Colby, ¡Saludos de Chile!
¿Cómo estai Colby?
That is Chilean slang for “estás,” one of the many “chilenísmos” I have learned studying abroad here. I am writing from Santiago, the capital city situated next to the Andes in the center of the longest country in the world.
Chile is one of the most developed countries of Latin America, but it is definitely a country of contradictions. The government, although a democratic republic, still exercises laws from the harsh dictator Pinochet who hasn’t been in power for more than 20 years. Despite its economic development (Chile is the world’s leading producer of copper), the socioeconomic inequality gap is one of the greatest in the world.
Nevertheless, spending a semester down here has been a great learning experience, and I am in love with everything about the Chilean culture and environment, except for maybe the earthquakes. It is a bit chilly in Chile now that it is fall, though Santiago still manages to be super toasty during the day, probably due to the depleted ozone layer in the region. Lunch is the biggest meal of the day, and dinners aren’t eaten until around 9 or 10 p.m. (a lot different from my 5 o’clock dinners at Foss).
It took me a while to adjust to the Spanish; they speak ridiculously fast and like to drop sounds, and the “chilenísmos” are numerous. But add on “po” to all of your sentences and you are good to go!
I’m down here on an SIT program called Comparative Education and Social Change. In a nutshell, we are observing the Chilean education system and learning how it is interconnected to human rights and the extremely unequal socioeconomic society that exists here. Chile’s social stratification is extremely evident when looking at the education system; the system is privatized (set up by the former military dictatorship of Pinochet), and the public schools really suffer from a lack of funding by the government.
In 2011, there were huge student movements and protests for a free and fair education system because university is way too expensive and the quality of secondary public schools is awful. The movement actually stopped many universities and secondary schools from continuing the academic year. As a result of the protests, the government made small compromises, but nothing that satisfied the students, so the fight has continued. I actually had the opportunity to meet some of the student leaders of the movement; they were so inspiring. I want to bring their courageous activism to Colby. This program has made me think a lot about the public education and higher education system in the US as well; I have been surprised by the number of similarities there are.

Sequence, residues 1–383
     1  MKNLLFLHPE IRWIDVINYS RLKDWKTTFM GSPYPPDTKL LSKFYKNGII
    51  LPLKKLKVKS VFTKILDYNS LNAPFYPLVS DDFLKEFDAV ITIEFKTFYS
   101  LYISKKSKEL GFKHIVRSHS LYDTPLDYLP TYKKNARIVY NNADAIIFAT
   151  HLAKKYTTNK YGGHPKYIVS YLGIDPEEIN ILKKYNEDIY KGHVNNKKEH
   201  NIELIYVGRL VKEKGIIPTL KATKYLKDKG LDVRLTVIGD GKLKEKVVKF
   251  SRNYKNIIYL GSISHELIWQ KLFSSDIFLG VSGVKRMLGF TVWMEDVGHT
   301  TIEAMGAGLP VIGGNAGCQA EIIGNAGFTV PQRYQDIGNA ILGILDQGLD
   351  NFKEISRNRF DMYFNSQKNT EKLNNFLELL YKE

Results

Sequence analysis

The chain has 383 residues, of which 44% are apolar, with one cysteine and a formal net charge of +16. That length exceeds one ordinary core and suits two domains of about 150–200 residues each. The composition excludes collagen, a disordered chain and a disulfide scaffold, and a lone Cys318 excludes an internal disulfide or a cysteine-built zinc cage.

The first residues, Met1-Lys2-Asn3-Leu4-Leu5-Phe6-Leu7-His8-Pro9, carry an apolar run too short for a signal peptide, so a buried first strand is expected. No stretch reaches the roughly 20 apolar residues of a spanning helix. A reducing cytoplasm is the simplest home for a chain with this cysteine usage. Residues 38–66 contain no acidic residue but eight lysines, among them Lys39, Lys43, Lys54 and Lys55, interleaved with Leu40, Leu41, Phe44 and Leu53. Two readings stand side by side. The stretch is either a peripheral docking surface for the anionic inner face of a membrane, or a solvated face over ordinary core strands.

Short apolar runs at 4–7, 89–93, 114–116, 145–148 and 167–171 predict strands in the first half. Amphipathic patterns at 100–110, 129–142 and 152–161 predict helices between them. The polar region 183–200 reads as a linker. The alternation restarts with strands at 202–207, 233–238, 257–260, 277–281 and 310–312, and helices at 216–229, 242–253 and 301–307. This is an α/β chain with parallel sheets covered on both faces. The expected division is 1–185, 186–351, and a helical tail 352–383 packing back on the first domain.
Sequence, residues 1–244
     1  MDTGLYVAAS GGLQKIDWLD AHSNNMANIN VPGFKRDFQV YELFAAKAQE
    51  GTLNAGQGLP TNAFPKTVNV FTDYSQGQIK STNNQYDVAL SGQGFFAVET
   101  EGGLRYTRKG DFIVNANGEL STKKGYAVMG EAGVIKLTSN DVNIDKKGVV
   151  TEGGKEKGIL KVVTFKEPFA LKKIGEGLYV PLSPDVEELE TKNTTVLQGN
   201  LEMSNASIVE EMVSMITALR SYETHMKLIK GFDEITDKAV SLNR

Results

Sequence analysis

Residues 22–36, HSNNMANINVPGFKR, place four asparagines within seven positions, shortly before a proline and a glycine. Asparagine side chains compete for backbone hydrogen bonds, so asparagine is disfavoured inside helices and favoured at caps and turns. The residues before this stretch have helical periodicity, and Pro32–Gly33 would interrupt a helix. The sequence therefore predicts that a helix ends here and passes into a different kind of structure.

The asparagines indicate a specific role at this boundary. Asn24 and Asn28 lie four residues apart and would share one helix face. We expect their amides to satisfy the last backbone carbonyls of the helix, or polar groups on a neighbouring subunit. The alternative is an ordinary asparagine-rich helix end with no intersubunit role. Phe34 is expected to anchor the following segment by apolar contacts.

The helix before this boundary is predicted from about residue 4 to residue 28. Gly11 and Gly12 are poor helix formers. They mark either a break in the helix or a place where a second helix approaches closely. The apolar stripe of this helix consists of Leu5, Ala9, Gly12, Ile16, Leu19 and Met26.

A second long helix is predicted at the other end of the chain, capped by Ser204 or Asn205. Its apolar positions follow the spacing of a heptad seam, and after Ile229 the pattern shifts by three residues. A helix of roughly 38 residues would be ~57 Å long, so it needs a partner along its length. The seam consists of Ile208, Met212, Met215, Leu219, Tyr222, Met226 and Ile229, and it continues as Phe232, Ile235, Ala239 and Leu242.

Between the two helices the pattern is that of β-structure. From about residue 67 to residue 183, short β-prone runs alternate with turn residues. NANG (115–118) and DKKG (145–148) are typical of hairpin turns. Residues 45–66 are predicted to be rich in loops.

My most recent excursion was a week-long stay in the south of Chile in Temuco with a Mapuche community. The Mapuche are the largest indigenous population of Chile (“Mapu” means land, and “che” means man). The Mapuche were colonized by the Spanish and have faced severe violence, forced assimilation and oppression for hundreds of years and have lost most of their territory, religion and culture. It is believed that a “true” Mapuche no longer exists. I stayed with a Mapuche family in “el campo,” or in the fields, of Temuco.
I lived in a very simple house in a family of four with no running water and no heat, but with plenty of pigs, cows, cats, dogs, chickens, turkeys and ducks. Bread was freshly prepared every day, as well as everything else we ate. I observed three different schools and learned about intercultural education, a movement that teaches the youth Mapudungun, the Mapuche language, as well as Mapuche culture in order to to revive it and keep their traditions alive. My group also finished constructing a traditional Ruca, once used as a home for the Mapuche but now used for community gatherings. We also played the Mapuche sport Palin and immersed ourselves in this new Mapuche life affected by globalization and development.
I’m in love with this country and everything it has taught me about education, culture, development, globalization, good relationships and myself! My time here has whizzed by, and I am doing my best to take it all in. See you in the fall Colby! ¡Ciao!
-Hillary Sapanski ’13